The Leadership Initiative invited its members to reflect on different aspects of leadership, bringing to light unique pathways, approaches, challenges and lessons learned. TLC hopes that through this series you get to know these diverse individuals and take away an appreciation for their journeys and leadership skills and its impact on the lives of children, families, their staff and communities.  

Lisa Bridge, M.S. , Executive Director of the Port Washington Children’s Center

Lisa began her career in teaching as a member of the first NYC Teaching Fellows Cohort in 2001, being awarded an AmeriCorps grant and full scholarship to Bank Street College of Education to receive an M.S. in Early Childhood and Elementary Education. She spent the first ten years of her career working as a classroom teacher in Central Harlem and the Lower East Side, later leading an after-school program in Chinatown under a 9/11 Red Cross Grant.  Lisa has spent the past several years opening and overseeing preschools in Manhattan including recently, the first KinderCare in NYC, which is the training school and Northeast Flagship for the company’s 1,800 locations. A proud mother of a mobile and spirited 3-year-old, she was excited to return to her roots in the non-profit sector and serve the families of Port Washington at the PWCC.

1. What has been a significant factor, moment, or person in shaping your leadership?

Donna Preminger has been a significant support in shaping my leadership.  Her support in transitioning me to the Director role at the Children’s Center has set me up for success. In addition, running a program during 9/11 and a business during the economic crash of 2008 prepared me to be flexible and innovative during times of crisis.

2. How has your leadership stayed the same or changed during the pandemic? 

My leadership style has become more didactic during the pandemic, as we are facing much greater risk in terms of health and safety. I am at the center of decisions for illness exemptions and generating policies and protocols to keep everyone safe.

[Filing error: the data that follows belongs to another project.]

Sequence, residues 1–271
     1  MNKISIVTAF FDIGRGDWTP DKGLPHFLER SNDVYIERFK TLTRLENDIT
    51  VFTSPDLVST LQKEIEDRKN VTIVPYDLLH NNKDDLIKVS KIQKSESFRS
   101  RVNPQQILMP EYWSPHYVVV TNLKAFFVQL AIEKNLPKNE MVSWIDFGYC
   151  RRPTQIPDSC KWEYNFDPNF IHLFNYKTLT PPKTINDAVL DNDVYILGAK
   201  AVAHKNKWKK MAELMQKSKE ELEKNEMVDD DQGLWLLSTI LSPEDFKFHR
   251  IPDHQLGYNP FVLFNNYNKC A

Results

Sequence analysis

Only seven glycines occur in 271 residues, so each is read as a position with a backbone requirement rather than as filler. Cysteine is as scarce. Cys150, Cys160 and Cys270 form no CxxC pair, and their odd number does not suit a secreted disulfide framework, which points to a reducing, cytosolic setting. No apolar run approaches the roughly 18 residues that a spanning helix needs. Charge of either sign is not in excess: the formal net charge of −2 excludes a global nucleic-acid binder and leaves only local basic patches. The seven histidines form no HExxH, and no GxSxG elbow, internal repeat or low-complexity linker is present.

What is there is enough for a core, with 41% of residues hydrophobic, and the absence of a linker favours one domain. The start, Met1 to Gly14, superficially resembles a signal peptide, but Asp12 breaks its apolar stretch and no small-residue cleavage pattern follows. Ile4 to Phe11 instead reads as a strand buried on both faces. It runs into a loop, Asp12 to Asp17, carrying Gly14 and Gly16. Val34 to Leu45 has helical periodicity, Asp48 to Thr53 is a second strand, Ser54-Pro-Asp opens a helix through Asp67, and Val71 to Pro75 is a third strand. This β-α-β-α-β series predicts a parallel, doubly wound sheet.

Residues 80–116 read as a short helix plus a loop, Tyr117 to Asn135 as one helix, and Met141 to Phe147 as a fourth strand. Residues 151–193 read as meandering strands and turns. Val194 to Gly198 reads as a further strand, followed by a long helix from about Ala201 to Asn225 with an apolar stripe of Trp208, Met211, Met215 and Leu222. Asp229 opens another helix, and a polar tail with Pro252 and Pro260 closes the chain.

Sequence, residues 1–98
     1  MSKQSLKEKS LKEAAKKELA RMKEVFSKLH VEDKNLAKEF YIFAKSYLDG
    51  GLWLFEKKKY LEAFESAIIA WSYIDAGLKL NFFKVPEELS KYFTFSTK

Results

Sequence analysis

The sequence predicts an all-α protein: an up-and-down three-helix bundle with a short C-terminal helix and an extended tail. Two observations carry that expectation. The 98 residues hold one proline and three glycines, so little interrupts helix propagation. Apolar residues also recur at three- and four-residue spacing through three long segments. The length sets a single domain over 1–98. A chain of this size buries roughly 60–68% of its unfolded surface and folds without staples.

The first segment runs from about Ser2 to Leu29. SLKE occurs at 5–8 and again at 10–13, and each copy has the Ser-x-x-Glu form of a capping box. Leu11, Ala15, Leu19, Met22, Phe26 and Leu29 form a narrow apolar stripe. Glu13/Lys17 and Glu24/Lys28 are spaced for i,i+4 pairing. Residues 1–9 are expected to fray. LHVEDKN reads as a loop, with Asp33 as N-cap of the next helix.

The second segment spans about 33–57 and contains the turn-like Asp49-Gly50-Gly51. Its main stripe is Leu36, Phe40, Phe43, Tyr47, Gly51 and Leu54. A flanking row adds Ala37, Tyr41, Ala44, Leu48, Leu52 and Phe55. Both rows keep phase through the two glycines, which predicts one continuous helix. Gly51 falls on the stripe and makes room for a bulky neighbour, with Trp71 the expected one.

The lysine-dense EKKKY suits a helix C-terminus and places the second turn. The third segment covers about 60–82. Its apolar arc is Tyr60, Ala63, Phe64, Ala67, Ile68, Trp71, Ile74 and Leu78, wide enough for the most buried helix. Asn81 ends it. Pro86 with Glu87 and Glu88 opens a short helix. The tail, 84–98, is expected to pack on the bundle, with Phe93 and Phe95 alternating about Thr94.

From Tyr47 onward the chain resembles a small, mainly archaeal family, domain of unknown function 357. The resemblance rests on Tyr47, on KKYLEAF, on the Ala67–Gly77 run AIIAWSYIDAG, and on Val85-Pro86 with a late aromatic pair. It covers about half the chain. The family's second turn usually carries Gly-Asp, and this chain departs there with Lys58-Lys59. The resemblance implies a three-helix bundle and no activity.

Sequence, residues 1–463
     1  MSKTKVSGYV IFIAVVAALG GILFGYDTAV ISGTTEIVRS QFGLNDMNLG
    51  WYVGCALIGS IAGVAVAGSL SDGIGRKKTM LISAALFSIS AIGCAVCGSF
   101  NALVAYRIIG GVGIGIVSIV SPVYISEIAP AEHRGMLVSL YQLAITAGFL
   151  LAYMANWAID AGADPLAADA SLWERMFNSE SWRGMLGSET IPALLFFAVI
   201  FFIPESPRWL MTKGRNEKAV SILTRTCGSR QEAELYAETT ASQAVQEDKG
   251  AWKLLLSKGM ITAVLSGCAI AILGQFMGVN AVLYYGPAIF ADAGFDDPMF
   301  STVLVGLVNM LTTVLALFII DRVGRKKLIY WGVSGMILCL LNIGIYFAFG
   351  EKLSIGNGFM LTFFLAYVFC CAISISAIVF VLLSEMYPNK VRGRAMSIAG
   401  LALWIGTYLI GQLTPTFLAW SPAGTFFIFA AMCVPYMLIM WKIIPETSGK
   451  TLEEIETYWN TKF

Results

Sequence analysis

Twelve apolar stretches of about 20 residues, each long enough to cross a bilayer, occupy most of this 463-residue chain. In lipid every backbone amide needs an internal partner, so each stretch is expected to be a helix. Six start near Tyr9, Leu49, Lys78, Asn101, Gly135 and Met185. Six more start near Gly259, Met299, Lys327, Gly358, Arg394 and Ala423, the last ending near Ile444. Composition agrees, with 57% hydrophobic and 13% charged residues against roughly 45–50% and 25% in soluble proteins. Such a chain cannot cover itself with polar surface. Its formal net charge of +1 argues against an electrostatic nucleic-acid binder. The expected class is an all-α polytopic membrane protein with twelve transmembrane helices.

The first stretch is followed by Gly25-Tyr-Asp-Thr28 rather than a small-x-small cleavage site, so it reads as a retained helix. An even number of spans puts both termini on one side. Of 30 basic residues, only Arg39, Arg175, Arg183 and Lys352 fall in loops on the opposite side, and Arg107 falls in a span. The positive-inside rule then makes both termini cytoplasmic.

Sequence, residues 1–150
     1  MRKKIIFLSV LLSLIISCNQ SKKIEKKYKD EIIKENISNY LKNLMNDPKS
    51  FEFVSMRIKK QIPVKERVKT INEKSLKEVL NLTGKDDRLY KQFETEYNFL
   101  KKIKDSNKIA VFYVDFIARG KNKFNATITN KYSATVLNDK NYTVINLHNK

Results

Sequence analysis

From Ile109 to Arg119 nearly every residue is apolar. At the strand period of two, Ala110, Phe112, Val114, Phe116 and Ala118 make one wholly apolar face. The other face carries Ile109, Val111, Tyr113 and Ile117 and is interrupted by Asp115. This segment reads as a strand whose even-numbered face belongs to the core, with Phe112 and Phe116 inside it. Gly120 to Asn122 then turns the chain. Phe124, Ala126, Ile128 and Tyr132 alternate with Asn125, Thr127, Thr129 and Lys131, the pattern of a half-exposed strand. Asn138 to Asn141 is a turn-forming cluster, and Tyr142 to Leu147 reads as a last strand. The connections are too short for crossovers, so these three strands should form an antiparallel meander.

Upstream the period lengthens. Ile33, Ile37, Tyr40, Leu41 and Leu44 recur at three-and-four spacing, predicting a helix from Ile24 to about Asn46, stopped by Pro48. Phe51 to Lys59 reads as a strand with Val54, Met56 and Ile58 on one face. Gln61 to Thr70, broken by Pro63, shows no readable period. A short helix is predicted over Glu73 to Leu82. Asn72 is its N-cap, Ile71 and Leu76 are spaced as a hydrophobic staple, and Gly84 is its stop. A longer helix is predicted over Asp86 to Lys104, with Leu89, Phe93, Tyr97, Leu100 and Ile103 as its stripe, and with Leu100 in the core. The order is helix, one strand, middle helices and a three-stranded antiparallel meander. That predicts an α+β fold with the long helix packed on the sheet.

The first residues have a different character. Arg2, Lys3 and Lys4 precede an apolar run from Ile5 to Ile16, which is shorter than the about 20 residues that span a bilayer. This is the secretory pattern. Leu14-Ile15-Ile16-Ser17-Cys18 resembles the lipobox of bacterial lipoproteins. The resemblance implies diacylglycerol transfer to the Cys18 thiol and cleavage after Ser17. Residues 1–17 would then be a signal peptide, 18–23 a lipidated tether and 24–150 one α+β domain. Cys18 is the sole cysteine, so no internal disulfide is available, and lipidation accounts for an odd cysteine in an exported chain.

3. What is the biggest or most significant challenge you face in your leadership?  

Ensuring the safety of our children and families while balancing our financial solvency. 

4. How as leaders do we get better or grow? 

I think we grow through pressure, experience and failure. If we don’t take risks to test our own limits or we avoid working through difficult situations, we are stunting our own growth. Only through experience do we get better and grow.

5. What changes have you made to improve quality during the pandemic (e.g., environmental adaptations, school-age care provided, etc.)? 

We have made significant changes to how our programming works during the pandemic to keep children and staff safe. When we opened in July, we opened an outdoor campus where canopy tents, tables and chairs, and outdoor sinks were set up and taken down each day. We are still running our program outdoors as much as possible and plan to do so until the weather turns, when we’ll change to a hybrid model that continues to keep the children outside as much as possible.

6. What current successes are you celebrating? 

We are celebrating a safe and successful summer! We welcomed back almost 100 of our children into the program and gave them a safe summer of fun time and reconnection with their friends and teachers.

8. How are you supporting your own self care and those of your staff during these challenging times? 

I have begun to work out again, eating a healthy diet and meditating.  I also highly encourage my team to take time to work out on their lunches and leave the building to have time to unwind and recoup.

Andrea Bruno is an Institute coach serving QUALITYstarsNY programs.